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United States Department of Agriculture

Agricultural Research Service

Title: Effects of Hydrodynamic Pressure on the Viability of Trichinella Spirals in Pork

Authors
item Gamble, Howard
item Solomon, Morse
item Long, J - HYDRODYNE, PUERTO RICO

Submitted to: Journal of Food Protection
Publication Type: Peer Reviewed Journal
Publication Acceptance Date: October 8, 1997
Publication Date: N/A

Interpretive Summary: Trichinellosis, caused by the nematode parasite Trichinella spiralis, is a cause of public health concern due to its presence in pork. The potential threat of infection has resulted in requirements for processing of all ready-to-eat pork products and USDA guidelines to consumers for cooking fresh pork products. The Code of Federal Regulations mandates processed product requirements for cooking, freezing and curing and also allows alternative processes which are shown to inactivate trichinae in pork. Alternatives to processing requirements have been sought such as carcass irradiation, but have not earned acceptance in the industry or by the consumer. Tenderization processes by hydrodynamic pressure could have an effect on foodborne pathogens. In this study, pork infected with Trichinella spiralis and treated by the Hydrodyne process, was shown to have reduced numbers of parasites as compared with untreated controls. However, treatment with the hydrodynamic force did not eliminate the infectivity of this parasite entirely. Higher doses of pressure may be effective without destroying the quality of the product.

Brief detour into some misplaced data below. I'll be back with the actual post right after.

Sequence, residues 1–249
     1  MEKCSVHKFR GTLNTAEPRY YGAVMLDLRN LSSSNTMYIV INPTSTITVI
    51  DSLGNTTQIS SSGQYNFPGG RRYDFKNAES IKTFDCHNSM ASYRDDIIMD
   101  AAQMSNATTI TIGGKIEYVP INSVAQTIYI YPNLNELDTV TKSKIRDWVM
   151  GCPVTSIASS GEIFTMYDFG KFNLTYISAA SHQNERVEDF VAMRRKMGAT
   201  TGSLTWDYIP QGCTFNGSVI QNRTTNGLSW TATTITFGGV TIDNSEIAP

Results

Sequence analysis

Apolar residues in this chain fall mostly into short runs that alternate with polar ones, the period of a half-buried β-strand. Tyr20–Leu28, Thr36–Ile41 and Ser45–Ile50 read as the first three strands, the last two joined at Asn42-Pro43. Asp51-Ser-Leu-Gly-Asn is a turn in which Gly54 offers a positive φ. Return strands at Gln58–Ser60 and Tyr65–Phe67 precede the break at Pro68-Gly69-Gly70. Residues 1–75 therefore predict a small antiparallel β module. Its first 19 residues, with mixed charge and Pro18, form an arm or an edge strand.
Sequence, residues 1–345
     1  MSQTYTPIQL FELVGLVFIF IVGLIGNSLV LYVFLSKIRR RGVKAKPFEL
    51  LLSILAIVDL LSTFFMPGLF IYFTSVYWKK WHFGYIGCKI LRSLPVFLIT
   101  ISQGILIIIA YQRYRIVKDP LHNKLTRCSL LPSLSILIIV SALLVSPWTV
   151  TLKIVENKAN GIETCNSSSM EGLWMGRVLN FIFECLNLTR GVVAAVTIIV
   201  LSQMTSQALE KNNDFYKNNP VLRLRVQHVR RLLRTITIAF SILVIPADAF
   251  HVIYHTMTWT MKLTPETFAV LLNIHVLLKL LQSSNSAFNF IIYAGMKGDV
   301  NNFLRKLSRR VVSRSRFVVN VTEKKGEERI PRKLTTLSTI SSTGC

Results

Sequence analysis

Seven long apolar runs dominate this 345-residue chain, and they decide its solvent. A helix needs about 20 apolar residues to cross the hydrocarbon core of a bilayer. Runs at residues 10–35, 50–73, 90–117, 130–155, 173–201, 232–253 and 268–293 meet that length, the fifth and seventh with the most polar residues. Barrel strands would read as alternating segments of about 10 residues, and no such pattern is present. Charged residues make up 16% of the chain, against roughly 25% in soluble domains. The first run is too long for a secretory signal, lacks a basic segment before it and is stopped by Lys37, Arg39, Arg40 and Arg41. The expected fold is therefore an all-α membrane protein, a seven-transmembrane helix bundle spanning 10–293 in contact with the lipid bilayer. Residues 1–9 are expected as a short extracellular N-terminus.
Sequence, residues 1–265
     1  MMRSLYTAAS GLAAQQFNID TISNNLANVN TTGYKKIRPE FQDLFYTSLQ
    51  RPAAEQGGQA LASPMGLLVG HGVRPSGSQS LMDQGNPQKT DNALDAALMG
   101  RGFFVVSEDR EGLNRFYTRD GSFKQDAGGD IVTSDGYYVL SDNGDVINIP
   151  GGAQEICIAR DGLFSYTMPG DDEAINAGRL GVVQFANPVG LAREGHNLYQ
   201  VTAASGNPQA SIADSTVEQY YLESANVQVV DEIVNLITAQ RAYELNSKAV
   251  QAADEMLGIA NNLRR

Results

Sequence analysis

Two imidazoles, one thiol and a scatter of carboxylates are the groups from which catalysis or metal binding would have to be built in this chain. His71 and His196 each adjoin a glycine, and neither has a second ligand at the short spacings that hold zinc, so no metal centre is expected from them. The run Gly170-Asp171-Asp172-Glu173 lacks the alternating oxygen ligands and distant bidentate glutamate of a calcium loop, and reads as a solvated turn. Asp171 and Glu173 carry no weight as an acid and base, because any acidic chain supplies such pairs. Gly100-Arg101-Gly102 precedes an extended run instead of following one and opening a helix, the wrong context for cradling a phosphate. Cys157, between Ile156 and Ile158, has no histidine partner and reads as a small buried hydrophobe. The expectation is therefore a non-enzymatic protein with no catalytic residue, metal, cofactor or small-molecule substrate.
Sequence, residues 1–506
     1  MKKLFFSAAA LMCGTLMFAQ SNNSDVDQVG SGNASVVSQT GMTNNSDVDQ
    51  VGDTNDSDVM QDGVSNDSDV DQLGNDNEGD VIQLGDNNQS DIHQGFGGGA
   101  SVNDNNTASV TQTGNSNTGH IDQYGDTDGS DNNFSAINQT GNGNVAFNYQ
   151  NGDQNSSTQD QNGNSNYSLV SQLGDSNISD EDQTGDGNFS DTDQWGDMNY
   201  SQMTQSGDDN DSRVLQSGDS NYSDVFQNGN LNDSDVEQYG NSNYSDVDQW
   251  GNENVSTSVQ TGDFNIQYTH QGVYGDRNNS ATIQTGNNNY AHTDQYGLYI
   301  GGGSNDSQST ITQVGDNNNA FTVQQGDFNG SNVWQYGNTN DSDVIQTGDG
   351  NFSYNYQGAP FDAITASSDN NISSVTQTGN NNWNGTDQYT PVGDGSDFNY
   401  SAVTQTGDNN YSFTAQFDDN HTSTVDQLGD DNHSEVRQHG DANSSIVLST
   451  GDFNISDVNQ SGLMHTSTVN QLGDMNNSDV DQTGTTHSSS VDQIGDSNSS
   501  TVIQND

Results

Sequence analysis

Technical Abstract: The potential threat of Trichinella spiralis infection in pork has resulted in requirements for processing of all ready-to-eat pork products and USDA guidelines to consumers for cooking fresh pork products. The Code of Federal Regulations mandates processed product requirements for cooking, freezing and curing and also allows alternative processes which are shown to inactivate trichinae in pork. Treatment by hydrodynamic pressure is an attractive alternative for meat tenderization and could also have an effect on foodborne pathogens. Pork, infected with Trichinella spiralis, and treated by the Hydrodyne process, was shown to have statistically fewer muscle larvae as compared with untreated controls. However, treatment with the hydrodynamic force described in this paper did not eliminate the infectivity of this parasite.

Last Modified: 10/24/2014
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